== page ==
The Civil War in Memory: 1877 to 2013

The Civil War in Memory: 1877 to 2013

What did Blight say?

His words were informed by his own personal story. Like many young people in the 1960s, he had been inspired by the writings of Bruce Catton, and he felt something very large was left out: the black presence. In American Oracle: The Civil War in the Civil Rights Era, published in 2011, Blight pointed out the discrepancies between the promises of the 1860s and the disillusionment of the 1960s.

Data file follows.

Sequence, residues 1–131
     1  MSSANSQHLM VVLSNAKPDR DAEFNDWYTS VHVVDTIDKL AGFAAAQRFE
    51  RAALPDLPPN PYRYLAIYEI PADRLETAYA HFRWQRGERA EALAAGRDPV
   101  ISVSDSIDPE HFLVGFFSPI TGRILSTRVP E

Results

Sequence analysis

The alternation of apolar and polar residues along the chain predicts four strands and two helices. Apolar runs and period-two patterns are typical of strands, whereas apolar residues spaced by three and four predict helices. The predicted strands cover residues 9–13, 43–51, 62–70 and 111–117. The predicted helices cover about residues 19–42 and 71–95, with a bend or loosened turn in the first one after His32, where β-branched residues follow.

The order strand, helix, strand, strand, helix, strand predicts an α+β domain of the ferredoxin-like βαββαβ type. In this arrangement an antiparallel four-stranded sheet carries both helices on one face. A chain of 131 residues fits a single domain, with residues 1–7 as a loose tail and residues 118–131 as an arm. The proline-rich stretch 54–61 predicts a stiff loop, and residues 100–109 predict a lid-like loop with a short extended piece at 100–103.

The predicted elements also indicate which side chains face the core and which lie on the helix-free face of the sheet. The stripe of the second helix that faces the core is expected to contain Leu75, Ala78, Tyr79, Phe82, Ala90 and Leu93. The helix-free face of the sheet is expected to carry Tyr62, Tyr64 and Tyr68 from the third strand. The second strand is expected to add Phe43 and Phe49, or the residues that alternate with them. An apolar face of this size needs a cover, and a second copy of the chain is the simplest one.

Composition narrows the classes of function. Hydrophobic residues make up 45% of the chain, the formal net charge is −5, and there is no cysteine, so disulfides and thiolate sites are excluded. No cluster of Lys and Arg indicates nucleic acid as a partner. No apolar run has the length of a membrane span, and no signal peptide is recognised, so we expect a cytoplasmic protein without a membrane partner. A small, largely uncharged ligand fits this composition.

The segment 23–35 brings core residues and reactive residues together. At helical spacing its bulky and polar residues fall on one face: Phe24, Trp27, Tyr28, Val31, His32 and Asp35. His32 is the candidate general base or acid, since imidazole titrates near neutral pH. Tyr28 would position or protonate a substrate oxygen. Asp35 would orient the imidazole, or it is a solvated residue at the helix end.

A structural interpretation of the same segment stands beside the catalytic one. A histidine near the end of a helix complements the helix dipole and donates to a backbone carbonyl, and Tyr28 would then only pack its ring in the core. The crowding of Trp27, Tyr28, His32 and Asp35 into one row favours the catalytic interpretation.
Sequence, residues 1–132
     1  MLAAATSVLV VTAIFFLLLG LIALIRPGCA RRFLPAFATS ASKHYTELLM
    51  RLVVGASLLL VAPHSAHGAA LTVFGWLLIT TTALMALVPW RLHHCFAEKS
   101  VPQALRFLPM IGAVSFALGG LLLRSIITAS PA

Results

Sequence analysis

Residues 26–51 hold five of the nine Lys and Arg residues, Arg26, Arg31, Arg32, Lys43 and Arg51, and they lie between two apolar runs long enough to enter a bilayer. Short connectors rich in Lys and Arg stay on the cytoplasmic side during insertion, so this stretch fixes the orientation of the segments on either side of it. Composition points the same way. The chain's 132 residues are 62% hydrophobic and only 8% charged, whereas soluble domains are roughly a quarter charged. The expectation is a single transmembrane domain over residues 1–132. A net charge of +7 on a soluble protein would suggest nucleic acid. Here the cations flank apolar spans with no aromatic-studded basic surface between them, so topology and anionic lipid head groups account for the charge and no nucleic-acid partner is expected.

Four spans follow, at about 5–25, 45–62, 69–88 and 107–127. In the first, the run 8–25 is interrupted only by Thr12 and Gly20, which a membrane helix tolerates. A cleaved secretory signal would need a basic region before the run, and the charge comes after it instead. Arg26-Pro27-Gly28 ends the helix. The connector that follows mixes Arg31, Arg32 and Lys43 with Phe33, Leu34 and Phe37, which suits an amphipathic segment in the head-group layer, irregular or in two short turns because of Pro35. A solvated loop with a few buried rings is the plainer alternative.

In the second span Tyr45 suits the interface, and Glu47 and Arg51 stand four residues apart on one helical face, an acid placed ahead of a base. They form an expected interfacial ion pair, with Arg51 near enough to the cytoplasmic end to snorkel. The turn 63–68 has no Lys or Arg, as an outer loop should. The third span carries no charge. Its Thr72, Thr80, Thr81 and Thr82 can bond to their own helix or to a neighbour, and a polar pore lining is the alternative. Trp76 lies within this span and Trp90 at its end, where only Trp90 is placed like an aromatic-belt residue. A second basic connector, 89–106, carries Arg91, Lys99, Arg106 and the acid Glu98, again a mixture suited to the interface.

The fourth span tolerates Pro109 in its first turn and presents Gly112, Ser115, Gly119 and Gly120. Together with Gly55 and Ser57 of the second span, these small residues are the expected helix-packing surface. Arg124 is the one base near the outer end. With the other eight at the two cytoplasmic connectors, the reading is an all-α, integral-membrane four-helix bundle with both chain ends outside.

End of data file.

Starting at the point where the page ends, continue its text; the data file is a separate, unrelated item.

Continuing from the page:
At the beginning of the Civil War Centennial in 1961, blacks could not even stay at the same hotels as whites, and even if this had not been the case, only two or three blacks were given any roles during the opening ceremonies in Charleston. It was, to Blight, as if the African Americans had not been present, as if the Civil War had been fought between two white peoples, with the blacks merely holding the bags and watching till the event was over. Blight captured the depth of his feeling, and that of many of his generation, when he wrote: “As a broad culture Americans seem incapable of completely shucking this event from its protective shells of sentimentalism, pathos, romance, in order to see to its heart of tragedy.”


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